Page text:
THURSDAY, March 22 (HealthDay News) -- The unusually warm spring
weather in New York and other parts of the eastern United States
has trees and other plants blooming much earlier than normal, which
could mean a long and intense allergy season.
Donald Leopold, chair of the environmental and forest biology
department at State University of New York's College of
Environmental Science and Forestry in Syracuse, said maples,
willows, aspens, poplars and other woody plant species that bloom
in early spring are major contributors of wind-dispersed pollen
that causes allergic reactions.
Leopold is an expert in woody and herbaceous native and
On SUNY's campus recently, Leopold saw that an American elm was
already producing pollen, a red maple was covered with male and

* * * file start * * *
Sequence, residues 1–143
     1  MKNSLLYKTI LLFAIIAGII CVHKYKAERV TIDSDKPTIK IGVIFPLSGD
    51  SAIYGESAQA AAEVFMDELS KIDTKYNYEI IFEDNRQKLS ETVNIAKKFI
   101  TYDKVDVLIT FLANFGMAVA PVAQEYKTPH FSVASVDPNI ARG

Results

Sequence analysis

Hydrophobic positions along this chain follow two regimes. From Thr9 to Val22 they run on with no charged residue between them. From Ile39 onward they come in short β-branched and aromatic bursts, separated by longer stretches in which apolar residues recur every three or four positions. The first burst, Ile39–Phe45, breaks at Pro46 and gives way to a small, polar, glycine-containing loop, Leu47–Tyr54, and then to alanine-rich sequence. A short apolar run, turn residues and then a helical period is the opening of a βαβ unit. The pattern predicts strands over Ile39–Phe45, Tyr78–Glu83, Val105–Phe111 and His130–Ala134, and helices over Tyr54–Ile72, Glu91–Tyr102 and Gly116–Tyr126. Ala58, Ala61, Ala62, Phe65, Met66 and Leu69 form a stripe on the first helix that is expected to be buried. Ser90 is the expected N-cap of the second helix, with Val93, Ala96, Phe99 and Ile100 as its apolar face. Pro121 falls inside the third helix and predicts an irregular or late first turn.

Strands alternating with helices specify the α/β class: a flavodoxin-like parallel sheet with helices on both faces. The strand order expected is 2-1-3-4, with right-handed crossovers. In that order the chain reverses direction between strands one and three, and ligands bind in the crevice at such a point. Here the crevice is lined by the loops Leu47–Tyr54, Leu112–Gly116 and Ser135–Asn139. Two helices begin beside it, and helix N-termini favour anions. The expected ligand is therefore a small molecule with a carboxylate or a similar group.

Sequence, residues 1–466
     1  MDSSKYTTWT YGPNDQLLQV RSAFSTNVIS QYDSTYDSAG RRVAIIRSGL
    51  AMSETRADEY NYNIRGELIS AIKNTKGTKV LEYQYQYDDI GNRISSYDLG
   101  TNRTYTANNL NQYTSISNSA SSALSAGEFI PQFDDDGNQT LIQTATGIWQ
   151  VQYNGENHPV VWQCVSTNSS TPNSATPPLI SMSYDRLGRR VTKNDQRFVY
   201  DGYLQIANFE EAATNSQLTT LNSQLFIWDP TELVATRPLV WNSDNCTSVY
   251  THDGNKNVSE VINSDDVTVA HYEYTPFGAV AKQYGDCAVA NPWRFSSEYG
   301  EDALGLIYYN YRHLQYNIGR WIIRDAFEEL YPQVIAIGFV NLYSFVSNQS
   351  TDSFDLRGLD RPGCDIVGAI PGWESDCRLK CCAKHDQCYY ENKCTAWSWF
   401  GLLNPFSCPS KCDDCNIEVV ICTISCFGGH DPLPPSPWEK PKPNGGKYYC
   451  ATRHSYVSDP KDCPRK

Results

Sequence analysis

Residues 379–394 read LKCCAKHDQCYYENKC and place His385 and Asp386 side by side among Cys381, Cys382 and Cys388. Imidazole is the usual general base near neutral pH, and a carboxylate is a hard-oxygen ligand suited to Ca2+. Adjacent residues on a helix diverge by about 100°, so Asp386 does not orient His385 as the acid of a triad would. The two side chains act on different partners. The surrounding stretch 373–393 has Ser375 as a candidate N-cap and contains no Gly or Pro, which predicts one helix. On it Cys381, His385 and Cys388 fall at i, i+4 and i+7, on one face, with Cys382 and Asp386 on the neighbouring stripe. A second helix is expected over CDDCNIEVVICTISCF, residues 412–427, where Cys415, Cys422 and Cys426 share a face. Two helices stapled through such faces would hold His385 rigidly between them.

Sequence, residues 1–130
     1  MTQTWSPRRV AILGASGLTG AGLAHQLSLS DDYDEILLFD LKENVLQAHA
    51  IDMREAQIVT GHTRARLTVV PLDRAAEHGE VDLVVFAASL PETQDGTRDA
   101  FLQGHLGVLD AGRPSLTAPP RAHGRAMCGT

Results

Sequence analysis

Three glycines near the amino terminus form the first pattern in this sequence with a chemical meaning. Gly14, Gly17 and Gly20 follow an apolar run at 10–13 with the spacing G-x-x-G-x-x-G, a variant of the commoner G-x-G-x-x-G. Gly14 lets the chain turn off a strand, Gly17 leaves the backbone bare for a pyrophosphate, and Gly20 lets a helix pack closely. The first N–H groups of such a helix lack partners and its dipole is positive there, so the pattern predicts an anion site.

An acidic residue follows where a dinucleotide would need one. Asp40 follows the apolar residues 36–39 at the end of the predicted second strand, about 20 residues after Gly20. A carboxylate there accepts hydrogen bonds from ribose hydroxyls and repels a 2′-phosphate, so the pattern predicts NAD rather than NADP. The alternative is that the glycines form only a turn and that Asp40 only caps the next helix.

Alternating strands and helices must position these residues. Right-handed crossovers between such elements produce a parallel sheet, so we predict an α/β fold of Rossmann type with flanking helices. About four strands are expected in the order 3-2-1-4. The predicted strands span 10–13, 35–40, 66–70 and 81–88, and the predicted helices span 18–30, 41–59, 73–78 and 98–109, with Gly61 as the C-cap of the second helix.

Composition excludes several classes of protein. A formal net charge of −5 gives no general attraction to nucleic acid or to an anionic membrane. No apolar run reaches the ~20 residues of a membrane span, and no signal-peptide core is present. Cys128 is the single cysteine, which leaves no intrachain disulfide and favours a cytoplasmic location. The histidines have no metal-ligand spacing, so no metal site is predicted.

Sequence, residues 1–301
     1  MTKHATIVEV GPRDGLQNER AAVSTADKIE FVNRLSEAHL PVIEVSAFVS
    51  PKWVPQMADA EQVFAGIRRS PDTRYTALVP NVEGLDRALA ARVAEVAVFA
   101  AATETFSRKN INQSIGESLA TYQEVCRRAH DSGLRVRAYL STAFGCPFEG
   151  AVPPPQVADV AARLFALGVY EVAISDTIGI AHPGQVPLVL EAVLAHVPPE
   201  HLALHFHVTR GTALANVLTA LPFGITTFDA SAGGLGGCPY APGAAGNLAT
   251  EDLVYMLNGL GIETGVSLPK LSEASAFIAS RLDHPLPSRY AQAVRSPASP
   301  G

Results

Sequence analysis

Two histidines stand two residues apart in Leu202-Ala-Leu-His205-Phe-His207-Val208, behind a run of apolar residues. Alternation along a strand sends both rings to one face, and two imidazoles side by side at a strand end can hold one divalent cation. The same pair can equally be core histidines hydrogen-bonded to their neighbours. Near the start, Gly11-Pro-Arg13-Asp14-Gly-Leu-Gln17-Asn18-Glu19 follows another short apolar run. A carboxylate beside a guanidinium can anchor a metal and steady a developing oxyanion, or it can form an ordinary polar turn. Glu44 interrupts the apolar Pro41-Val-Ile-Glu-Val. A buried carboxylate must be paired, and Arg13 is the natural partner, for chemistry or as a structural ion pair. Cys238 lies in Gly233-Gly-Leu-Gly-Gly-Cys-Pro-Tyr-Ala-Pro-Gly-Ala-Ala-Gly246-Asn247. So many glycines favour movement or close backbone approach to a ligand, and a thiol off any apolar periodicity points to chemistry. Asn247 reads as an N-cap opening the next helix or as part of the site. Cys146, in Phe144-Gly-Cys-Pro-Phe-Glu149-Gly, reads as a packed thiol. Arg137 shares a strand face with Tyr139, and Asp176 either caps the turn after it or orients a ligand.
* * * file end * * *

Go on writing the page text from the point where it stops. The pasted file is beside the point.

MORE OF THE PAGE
female flowers, a row of spicebush shrubs had flowers of various
sizes, and a native willow had bloomed early.
This is the first time in his 27 years at the college that he
has seen these species bloom on campus before April 1, Leopold said
in a university news release.
In short, all the signs point to an extended and severe allergy
With temperatures expected to reach the 80s in Syracuse, "things
are really going to pop this week," he said.
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